Women's Tennis

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Verstrepen Reminisces
Release: Sunday 04/28/2017 
by WSU Athletic Media Relations

by Alan Hieber

Though her Wright State career is nearing match point, Linsey Verstrepen's fight, grit and sweat for each point will not be forgotten. She smiled and chuckled as she reflected on the last four years.

Growing up in Belgium, tennis was something that caught Verstrepen's eye when she was only four years old and played it in her backyard. She has been playing at an organized level since joining a tennis club at the age of seven when she asked her father if she could take lessons.

After being recruited by former WSU coach Sean McCaffrey, Verstrepen decided it would be one of her best options if she wanted to pursue tennis and academics.  

When Verstrepen commenced her Raider career in 2013, she was not the lone freshman on the squad, joining five others. The members of that group, who gave themselves the moniker six-pack, will soon conclude their WSU careers.

“Time flies. I remember it like yesterday. We were all freshies and didn't really know what was ahead of us,” Verstrepen recalled. “We got into the groove of things real quick and were close very fast.”

Verstrepen, who was the only foreign player her freshman year, credits her American teammates with helping her overcome some of the hurdles she faced.

“It took away some of the challenge of getting over the cultural and language barriers,” Verstrepen said.

There is not an official captain for WSU, which Verstrepen says was decided by the team because each member has a distinct ability to be a leader. She feels that her role is to lead by example with her resiliency.

“I feel like other people feed off of giving it your all in matches and fighting for every ball,” Verstrepen said.

By racking up 83 doubles and 84 singles victories for third and fourth all-time in those categories respectively, Verstrepen has manufactured a legacy that will live on.

“It's a unique feeling knowing that you are one of the players that has the most wins over four years,” Verstrepen said. “There are not many people that can say that. I take it away as a compliment and that my hard work paid off.”

Having no prior experience in doubles entering WSU speaks to how remarkable Verstrepen's record is. She says Karoline Haller, who was her doubles partner for 40 of those wins, offered a good compliment to her strong play from the baseline.

“Karoline is a hard hitter. Our different playing styles match well, her being offensive and me being an all-around player,” Verstrepen said. “I think she helps me become an offensive player because of her game. You need that in doubles to get the results.”  

Verstrepen is a competitor who really hates to lose, according to WSU coach Eric Burns. When thinking of moments that have stood out in her career he pointed to her ability to scrap and fight for three-set wins.

“That's what I think of when I think of Linsey. She's been able to win some really important matches,” Burns said. “You know she will try to do whatever it takes to get the win for her team.”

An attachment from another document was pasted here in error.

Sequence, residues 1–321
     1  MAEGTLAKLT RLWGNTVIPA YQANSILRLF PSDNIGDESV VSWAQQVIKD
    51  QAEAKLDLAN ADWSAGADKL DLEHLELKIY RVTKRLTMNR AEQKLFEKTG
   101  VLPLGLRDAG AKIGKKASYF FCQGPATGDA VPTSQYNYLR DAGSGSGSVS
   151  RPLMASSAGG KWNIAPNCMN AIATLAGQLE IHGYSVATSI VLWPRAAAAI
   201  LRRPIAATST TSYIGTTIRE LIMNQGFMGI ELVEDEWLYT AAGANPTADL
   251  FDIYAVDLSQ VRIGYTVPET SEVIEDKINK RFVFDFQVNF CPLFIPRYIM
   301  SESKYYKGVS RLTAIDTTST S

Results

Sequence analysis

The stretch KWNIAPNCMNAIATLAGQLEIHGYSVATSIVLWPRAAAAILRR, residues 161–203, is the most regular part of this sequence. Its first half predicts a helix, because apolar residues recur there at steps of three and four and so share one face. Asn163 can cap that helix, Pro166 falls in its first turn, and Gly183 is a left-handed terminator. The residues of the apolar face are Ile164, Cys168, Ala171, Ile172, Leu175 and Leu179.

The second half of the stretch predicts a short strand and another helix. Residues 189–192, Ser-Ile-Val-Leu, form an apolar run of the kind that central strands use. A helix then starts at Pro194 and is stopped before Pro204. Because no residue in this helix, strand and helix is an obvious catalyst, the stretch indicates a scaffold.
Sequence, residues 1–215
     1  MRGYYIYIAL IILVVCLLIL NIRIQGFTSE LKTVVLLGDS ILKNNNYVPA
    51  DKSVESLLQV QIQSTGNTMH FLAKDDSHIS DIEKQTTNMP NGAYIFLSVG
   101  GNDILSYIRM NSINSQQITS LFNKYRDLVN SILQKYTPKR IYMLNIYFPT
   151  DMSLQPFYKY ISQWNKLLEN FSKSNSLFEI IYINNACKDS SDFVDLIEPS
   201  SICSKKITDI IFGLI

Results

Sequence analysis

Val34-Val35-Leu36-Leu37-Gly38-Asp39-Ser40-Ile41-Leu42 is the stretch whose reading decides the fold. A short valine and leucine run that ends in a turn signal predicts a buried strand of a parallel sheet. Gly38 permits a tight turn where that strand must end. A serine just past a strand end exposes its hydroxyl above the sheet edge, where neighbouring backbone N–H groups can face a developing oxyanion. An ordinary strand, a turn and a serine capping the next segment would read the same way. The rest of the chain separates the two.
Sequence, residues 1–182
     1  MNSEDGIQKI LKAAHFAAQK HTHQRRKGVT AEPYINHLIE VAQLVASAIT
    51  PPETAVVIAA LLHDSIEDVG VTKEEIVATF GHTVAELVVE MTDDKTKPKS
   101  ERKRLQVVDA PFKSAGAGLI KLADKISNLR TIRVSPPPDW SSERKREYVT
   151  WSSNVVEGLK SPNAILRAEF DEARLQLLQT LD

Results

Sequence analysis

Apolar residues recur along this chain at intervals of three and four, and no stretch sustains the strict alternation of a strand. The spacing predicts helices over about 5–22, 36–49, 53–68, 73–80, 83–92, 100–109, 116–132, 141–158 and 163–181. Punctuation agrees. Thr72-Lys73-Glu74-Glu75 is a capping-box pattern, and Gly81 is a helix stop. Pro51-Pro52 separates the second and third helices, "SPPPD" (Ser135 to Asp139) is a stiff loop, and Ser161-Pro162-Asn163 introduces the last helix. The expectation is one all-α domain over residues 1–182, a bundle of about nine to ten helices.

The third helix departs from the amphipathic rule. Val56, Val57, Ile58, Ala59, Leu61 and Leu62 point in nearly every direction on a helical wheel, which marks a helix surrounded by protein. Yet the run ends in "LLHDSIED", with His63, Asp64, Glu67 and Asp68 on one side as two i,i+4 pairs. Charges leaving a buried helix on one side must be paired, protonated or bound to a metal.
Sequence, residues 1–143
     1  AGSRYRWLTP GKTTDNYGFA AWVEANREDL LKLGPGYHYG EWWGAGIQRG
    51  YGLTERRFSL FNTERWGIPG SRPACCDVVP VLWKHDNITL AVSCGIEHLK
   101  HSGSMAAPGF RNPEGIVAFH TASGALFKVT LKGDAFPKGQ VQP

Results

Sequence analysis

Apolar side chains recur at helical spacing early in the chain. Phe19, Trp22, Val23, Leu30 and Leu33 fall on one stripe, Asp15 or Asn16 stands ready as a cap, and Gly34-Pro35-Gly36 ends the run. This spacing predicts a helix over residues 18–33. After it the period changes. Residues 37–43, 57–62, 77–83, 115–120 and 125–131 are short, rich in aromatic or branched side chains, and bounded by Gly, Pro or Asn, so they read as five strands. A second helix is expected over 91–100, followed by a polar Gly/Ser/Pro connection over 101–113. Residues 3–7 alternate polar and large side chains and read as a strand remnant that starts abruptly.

The competiveness displayed by Verstrepen is one quality Burns says will be hard to replace. He also noted her character.

“Off the court, she is one of the nicest and politest kids I have worked with,” Burns said. “There are never any problems to deal with and you can count on her on the court and in classes.”

When she wasn't on the court fighting for each point, Verstrepen gave an equivalent effort in the classroom as an International Business major. Her GPA is just shy of a 4.0, which has helped earn her Academic All-Horizon League for three straight years.

To juggle time on the court with studying, Verstrepen stressed the importance of having a planner.

“I use a planner and put a calendar on my wall to have an overview of my week and know that if I have an exam and practice right before, I'd better study the night before,” Verstrepen said. “I think every student-athlete is dependent on their planner to get through college.”

After she graduates and then moves back to Belgium in June, Verstrepen hopes to use her degree to work for a sports company like Nike, Adidas or one based in Europe.

As the #5 seed in last season's Horizon League Tournament, the Raiders made a gutsy run to the finals for the first time in program history. WSU fell short to Youngstown State in that match 4-2.

The experience from last season's tournament and several 4-3 losses this year have built the confidence needed for another successful result this weekend, Verstrepen says. She added it will also take plenty of fight.

“It will take fighting from every person on this team and I know that's not going to be a problem at all,” Verstrepen said. “With all of the seniors on the team, I think we're all very thirsty to get this done, leave on a good note and get that ring.”

The final page in Verstrepen's storied Raider career will be turning soon. She hopes incoming freshman will be inspired by her improvement in doubles and to be remembered in another way that should come as no surprise.

“I like to fight out there and hope people can look back at that and say, ‘She was a fighter and is up there in the record books.'”

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